How can I make a payment proposal regarding a debt legally binding?

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How can I make a payment proposal regarding a debt legally binding?

I have been contacted by a collection agency regarding a debt. If I send back a check for a down payment and a response letter laying out a payment plan and state that by cashing the check they are accepting the terms that I have proposed, would this become binding? I also plan on noting the same on the check itself and making copies of the check and letter together.

Asked on May 18, 2011 under Bankruptcy Law, California

Answers:

SJZ, Member, New York Bar / FreeAdvice Contributing Attorney

Answered 10 years ago | Contributor

It is a common misunderstanding that a debtor can send a check which either has written on it or accompanying it a payment plan or terms and the statement that "by cashing this check, you accept these terms" and thereby create a binding agreement. This is not true.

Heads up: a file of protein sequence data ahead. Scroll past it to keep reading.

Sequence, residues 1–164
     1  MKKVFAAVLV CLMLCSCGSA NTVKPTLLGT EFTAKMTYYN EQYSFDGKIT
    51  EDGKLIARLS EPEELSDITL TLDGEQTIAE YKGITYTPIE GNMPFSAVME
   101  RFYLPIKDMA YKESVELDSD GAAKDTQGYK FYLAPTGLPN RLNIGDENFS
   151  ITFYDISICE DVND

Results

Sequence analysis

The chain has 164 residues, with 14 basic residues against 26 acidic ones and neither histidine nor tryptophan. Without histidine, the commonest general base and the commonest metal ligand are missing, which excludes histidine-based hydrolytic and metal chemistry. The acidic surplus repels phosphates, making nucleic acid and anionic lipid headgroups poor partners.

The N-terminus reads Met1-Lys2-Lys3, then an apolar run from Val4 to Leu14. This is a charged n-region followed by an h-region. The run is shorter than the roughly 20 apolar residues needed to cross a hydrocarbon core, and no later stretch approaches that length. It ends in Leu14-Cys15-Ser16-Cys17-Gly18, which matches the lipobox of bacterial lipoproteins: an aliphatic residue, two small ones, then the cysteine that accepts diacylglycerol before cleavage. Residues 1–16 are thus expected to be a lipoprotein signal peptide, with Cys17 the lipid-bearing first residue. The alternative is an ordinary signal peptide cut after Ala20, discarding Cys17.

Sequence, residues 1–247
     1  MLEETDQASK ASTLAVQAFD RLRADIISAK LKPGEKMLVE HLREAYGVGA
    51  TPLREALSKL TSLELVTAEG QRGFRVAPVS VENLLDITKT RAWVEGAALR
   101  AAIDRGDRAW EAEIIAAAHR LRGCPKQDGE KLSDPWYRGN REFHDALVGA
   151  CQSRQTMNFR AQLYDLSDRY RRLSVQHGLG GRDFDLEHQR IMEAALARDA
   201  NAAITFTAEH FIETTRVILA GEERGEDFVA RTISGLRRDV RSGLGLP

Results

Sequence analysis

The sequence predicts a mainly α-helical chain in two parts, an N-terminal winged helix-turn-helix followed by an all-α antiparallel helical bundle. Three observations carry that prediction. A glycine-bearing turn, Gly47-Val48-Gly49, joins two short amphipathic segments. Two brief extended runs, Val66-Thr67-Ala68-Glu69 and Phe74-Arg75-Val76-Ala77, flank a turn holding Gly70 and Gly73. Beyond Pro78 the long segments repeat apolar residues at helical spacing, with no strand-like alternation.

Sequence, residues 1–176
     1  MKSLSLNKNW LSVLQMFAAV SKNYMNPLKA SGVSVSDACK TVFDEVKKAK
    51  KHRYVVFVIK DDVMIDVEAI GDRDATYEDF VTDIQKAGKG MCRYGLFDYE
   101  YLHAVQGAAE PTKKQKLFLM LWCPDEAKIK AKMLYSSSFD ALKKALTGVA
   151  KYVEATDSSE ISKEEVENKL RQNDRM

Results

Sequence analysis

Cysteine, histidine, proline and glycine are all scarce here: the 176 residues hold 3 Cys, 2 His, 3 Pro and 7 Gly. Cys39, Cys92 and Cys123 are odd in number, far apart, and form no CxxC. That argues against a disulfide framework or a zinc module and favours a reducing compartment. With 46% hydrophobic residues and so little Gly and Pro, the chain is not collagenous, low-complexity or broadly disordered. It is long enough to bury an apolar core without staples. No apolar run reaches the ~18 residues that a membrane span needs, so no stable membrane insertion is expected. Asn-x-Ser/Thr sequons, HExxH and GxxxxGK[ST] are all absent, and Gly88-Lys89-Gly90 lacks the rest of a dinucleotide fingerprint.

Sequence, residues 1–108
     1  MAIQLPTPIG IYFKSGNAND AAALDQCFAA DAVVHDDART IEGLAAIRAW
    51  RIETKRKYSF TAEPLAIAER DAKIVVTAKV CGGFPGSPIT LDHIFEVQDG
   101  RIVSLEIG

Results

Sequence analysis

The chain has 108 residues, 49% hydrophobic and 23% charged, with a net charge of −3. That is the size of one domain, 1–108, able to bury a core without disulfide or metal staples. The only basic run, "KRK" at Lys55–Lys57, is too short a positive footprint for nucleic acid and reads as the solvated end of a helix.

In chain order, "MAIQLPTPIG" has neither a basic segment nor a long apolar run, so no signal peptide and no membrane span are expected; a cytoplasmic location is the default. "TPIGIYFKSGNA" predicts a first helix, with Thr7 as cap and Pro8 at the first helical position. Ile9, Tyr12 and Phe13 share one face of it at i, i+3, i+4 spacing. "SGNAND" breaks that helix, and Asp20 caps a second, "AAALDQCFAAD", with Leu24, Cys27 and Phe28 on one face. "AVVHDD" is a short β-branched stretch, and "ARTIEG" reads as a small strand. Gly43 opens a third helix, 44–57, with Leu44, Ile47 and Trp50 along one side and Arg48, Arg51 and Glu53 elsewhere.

To create an agreement, there must be offer, acceptance, and consideration--something given, which binds the agreement. The problem is, if there is already an obligation to give that money or that item, etc., then you cannot be given as consideration--the other party *already* has a right to it, so they are getting nothing new. If you are already obligated to apy a debt, any payments you make toward that debt go to an *existing* obligation; they cannot serve as consideration for a new agreement.

There is no way to make a creditor accept a repayment plan; accepting a plan requires the creditor's voluntary agreement to it.


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